The Prophet Isaiah uses the image of a lamb lying down with the wolf, each one of them having nothing to fear from the other, to describe the messianic age. It is a picture of a time of universal peace where the strong will no longer prey on the weak, or the cunning on the innocent.
Advent, with its wonderful promises of a new world, takes us on a trip to a place called hope. If things and people were perfect, hope would not be needed. Hope is necessary because we live in an imperfect world. We place our hope in God and His promises.
Hope is a vital part of life as we spend a great deal of our time longing, waiting, hoping for one thing or another. Hope is necessary for living life fully.
Now, hope does not mean we sit back and wait for things to happen. It is hope that invites us to roll up our sleeves and get involved in the messiness of life. We believe our efforts are worthwhile, and that they do make a difference. Our strength, our commitment, depends to a great extent on the degree and quality of our hope.
Cynicism is the enemy of hope. Many refuse to accept hope into their hearts. They have an attitude that things will never change, it is useless. Cynicism comes easy as it requires nothing from us; no trust, no effort, no love.
Hope is the trust that God will fulfill his promises in his way and in his time. The person of hope lives in the present moment, with the knowledge and trust that all of life is in God’s hands.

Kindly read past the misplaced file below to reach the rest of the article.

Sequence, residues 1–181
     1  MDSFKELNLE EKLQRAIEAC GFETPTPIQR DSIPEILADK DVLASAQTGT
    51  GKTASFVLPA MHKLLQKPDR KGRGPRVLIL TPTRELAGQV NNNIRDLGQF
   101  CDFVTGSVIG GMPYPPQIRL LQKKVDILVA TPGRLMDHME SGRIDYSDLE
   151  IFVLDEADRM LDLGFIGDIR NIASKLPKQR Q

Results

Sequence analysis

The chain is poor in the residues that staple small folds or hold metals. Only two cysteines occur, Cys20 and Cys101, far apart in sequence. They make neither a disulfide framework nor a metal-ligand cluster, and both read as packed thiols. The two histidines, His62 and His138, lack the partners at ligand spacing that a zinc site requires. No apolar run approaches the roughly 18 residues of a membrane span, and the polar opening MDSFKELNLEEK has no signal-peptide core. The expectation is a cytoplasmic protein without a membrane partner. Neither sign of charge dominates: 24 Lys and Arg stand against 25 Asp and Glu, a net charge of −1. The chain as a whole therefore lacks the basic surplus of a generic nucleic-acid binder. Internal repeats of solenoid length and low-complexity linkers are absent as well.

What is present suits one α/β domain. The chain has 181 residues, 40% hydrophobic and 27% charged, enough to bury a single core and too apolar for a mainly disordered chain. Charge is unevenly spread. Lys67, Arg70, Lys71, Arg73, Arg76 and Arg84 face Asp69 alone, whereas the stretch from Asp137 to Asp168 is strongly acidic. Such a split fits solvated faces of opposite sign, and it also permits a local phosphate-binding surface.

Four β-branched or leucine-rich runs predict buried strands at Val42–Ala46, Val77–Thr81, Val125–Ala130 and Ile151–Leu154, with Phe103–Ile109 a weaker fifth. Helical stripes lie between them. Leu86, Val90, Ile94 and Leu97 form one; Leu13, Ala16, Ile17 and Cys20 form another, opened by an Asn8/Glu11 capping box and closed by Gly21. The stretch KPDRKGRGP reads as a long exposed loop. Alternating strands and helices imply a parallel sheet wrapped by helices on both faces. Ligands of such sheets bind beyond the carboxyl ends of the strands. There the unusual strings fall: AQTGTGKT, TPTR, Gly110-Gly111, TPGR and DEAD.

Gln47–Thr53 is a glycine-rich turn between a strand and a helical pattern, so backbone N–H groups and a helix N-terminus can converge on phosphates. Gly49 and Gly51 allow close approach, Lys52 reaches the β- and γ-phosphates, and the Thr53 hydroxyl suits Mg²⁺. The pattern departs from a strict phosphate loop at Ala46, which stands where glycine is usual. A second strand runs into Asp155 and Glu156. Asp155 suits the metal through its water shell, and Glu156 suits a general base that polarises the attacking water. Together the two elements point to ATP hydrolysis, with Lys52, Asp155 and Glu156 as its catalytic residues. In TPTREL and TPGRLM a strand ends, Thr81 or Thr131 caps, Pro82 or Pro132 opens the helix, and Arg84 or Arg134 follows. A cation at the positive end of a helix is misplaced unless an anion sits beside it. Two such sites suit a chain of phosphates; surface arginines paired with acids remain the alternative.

The world needs people who are filled with hope. To be a person of hope is to take the words of St. Paul from today’s Second Reading to heart, “May the God of endurance and encouragement grant you to think in harmony with one another. Welcome one another, then, as Christ welcomed you, for the glory of God.” It is easy to be critical, to be quick in making judgments, to be intolerant of the faults of others. If we take Paul’s words seriously we would make the world, or at least our corner of it, a more hopeful place.
As Christians we have a duty to keep the flame of hope burning brightly. When all is said and done, this world will never fulfill our deepest hopes. Only God can do that. Meanwhile, we live in a place called hope and it is this hope that enables us to keep one foot in the world as it is, and the other in the world as it should, and one day will be.
— Fr. Dennis, December 8, 2019